Richard Frankel of Drexel has written Corporate Hostility to Arbitration, 50 Seton Hall Law Review (forthcoming 2020). Here is the abstract:
In the last 30 years, corporations have aggressively and successfully pushed the Supreme Court to invalidate virtually all state regulation of mandatory arbitration clauses on the ground that the Federal Arbitration Act (FAA) preempts any state law that expresses “hostility” to arbitration. Under current doctrine, the FAA preempts any state law that is premised on the idea that arbitration is inferior to litigation for resolving disputes, or that treats arbitration clauses less favorably than other contracts.
Yet, at the same time corporations decry state-law hostility to arbitration, they frequently express their own hostility to arbitration in the way they draft their own arbitration provisions. By carving out specific claims from arbitration, adopting procedural rules that approximate litigation, or imposing restraints that make it difficult for their consumers and employees to bring disputes in arbitration, corporations have shown that they believe arbitration to be inferior to litigation in multiple ways.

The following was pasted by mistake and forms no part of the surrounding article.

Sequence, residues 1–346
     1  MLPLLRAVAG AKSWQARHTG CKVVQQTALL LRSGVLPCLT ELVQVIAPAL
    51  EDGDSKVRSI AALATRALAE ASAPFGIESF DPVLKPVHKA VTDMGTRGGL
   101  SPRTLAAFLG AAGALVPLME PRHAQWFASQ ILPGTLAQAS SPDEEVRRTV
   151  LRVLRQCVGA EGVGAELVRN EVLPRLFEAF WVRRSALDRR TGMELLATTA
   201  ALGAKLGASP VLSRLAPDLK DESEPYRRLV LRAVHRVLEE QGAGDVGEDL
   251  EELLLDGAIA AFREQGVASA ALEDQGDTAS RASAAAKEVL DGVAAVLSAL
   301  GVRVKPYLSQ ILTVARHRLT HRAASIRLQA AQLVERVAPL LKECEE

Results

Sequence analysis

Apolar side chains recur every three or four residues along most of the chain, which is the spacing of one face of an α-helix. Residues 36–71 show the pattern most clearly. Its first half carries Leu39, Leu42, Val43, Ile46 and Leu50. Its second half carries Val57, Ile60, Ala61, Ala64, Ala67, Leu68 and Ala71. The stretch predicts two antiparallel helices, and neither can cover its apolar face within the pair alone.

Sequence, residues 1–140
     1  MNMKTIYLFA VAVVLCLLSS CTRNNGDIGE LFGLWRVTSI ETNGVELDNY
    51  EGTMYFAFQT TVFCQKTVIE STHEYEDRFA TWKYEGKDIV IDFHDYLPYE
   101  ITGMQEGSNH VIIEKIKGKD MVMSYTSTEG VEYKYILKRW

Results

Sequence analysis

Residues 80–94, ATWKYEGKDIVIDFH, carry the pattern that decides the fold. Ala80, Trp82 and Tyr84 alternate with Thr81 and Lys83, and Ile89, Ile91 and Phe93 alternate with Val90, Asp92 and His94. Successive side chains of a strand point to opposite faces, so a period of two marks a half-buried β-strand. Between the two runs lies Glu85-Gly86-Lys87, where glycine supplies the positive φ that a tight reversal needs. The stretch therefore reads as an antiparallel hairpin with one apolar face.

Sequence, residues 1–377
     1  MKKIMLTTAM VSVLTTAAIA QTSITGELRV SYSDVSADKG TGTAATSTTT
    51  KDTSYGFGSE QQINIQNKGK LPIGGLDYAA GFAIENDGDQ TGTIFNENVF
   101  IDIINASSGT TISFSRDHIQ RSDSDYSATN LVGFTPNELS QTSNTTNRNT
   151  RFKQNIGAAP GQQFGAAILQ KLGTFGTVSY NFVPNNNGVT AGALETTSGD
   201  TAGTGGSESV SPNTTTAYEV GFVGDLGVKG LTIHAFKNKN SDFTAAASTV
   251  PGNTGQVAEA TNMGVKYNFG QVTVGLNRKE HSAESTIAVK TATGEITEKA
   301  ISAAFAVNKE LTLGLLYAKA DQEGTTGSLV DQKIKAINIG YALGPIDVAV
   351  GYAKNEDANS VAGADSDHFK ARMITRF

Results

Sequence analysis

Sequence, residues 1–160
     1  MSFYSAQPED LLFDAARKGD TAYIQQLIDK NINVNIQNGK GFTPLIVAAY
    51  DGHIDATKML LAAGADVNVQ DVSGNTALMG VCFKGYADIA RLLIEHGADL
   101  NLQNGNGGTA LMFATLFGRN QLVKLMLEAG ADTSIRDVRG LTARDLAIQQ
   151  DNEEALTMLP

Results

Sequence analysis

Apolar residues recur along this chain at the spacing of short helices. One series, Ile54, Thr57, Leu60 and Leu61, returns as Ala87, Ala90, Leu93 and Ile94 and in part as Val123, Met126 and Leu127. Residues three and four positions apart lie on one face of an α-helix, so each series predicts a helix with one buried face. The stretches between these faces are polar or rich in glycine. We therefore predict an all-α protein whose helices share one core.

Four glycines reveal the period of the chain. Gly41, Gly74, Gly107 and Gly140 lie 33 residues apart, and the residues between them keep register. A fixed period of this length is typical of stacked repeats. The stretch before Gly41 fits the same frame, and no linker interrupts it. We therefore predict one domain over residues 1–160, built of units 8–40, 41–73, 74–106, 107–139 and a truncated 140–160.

Although scholars have widely debated the Supreme Court’s arbitration jurisprudence, “corporate hostility” to arbitration has gone largely unnoticed. This article examines the various methods by which corporations express hostility to arbitration and argues that this hostility carries significant implications for FAA preemption doctrine. Currently, contract drafters can exempt claims from arbitration because they believe that arbitration is inferior to litigation. But when states seek to regulate arbitration for those same reasons, they are barred from doing so by the FAA. Thus, corporations can exempt claims from arbitration to maximize their self interest, but states cannot exempt claims from arbitration to protect the public interest.
This dichotomy is anti-democratic and results in bad policy. This article proposes that corporate hostility to arbitration shows that not all hostility to arbitration is improper, and that states should have greater freedom to regulate arbitration clauses without violating the FAA.